The Bollywood war epic, Border , hit theatres in June 1997. The movie turned out be one of the most popular patriotism-inducing films of all time. And why wouldn't it be? It was based on the inspiring Battle of Longewala. While we were in awe of the protagonist, who propelled Pakistani forces back across the border, how many of us actually appreciated the man who did that in real life? Sunny Deol portrayed the character of Major Kuldip Singh Chandpuri, who was head of an operation that seemed virtually impossible.
Here is the story of that courageous major who, despite being heavily outnumbered, held off a heavy Pakistani attack and forced them back across the border.
Aged just 22, he was commissioned into the 23rd Battalion of The Punjab Regiment, which is one of the oldest and most prestigious units of the Indian Army.
He also took part in the 1965 war in the western sector. And served in the United Nations Emergency Force at Gaza, Egypt, right after the war.
On 4th December, 1971, during the Indo-Pak war, his company of just 120 men faced an attack by around 3000 men of Pakistan's 51st Infantry Brigade, backed by the 22nd Armoured Regiment.
He displayed stupendous leadership and held off the Pakistani attack with manoeuvres that made the Pakistani ground forces go into a frenzy.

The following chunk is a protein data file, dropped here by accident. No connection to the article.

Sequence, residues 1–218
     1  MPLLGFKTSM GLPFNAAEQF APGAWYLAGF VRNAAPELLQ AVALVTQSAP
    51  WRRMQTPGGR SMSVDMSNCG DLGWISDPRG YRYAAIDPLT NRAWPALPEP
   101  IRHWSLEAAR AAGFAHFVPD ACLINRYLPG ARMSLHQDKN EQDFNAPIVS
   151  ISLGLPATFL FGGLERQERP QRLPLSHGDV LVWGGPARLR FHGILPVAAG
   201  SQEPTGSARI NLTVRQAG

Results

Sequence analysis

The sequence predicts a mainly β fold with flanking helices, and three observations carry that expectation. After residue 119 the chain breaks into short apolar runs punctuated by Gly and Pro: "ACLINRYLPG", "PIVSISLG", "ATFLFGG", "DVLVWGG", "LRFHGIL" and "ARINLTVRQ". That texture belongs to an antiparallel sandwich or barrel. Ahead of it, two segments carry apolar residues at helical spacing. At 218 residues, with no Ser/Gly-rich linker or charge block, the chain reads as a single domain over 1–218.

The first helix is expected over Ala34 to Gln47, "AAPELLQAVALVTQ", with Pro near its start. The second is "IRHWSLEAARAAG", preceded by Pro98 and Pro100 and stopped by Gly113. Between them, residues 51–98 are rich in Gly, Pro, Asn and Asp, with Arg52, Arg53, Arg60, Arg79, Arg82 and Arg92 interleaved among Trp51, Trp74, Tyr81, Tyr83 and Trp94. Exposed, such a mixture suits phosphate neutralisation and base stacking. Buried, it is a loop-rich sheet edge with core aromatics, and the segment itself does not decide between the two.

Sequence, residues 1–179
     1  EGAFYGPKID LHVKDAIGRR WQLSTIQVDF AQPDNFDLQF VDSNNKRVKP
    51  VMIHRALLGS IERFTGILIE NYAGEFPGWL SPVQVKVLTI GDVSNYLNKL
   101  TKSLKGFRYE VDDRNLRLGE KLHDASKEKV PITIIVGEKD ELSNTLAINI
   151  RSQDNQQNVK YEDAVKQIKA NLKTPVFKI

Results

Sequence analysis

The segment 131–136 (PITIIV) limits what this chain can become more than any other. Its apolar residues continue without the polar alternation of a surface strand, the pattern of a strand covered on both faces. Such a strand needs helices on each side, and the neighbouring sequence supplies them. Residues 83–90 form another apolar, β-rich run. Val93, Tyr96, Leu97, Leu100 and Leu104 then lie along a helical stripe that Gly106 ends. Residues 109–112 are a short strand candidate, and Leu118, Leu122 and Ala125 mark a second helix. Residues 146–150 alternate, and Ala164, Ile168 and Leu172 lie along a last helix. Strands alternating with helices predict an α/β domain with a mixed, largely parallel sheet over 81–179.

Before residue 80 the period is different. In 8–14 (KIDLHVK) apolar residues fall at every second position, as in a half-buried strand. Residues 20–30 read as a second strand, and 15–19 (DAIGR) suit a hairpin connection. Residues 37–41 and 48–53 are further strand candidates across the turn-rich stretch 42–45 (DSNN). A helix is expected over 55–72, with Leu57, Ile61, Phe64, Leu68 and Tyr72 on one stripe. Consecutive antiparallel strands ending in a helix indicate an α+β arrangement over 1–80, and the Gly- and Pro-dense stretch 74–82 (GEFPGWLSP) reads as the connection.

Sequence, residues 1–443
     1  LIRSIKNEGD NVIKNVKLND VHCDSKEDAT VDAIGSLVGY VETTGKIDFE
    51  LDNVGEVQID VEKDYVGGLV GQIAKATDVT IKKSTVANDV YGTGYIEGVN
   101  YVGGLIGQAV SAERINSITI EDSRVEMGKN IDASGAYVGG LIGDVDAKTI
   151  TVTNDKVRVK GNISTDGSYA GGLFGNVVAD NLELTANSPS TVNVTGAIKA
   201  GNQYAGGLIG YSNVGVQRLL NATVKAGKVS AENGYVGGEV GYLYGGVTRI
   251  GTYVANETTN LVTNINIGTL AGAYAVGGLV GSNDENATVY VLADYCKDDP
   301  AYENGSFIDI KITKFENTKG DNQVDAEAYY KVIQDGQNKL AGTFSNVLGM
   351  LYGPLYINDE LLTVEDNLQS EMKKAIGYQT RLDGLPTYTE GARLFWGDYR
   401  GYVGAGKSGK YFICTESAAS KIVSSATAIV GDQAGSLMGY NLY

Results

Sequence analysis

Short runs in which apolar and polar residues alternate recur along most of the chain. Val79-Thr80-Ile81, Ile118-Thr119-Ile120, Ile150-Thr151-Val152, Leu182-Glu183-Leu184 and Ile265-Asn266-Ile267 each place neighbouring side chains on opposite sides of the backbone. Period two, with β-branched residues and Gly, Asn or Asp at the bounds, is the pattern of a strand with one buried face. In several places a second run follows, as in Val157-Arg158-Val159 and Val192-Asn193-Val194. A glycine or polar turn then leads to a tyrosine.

This photo shows the tracks left by the Pakistani tanks trying to evade the Indian attack. Yes, those are tank tracks!
Unlike what is shown in the movie, he hardly let any of his men die. There were only two jawaan casualties.
Plus, Indian soldiers were stationed at a better position to repel the attack. Which was again a tactical move.
He won the Maha Vir Chakra in 1971 for his brilliance on the battlefield.
The citation read, "In this action, Major Kuldip Singh Chandpuri displayed conspicuous gallantry, inspiring leadership and exceptional devotion to duty in keeping with the highest traditions of the Indian Army."
After 'Border' was realeased, Maj Gen Atma Singh and Air Marshal MS Bawa claimed that Chandpuri & the Alpha Company were not involved in any ground battle. And that only the Indian Air Force was involved in defeating Pakistani troops.
Major Chandpuri said they were probably jealous of him being in the spotlight. Why else was no such claim made for over two decades?
In response, Chandpuri filed a defamation suit of just Re.1, saying, "My only ground for filing the suit is that I was there fighting the war and the two of them were not there. I do not want their money - that is why I have demanded Re.1 as compensation. I just want justice."
He needed no fame, just respect.
Major Kuldip Singh Chandpuri finally retired as a Brigadier and currently lives in Chandigarh.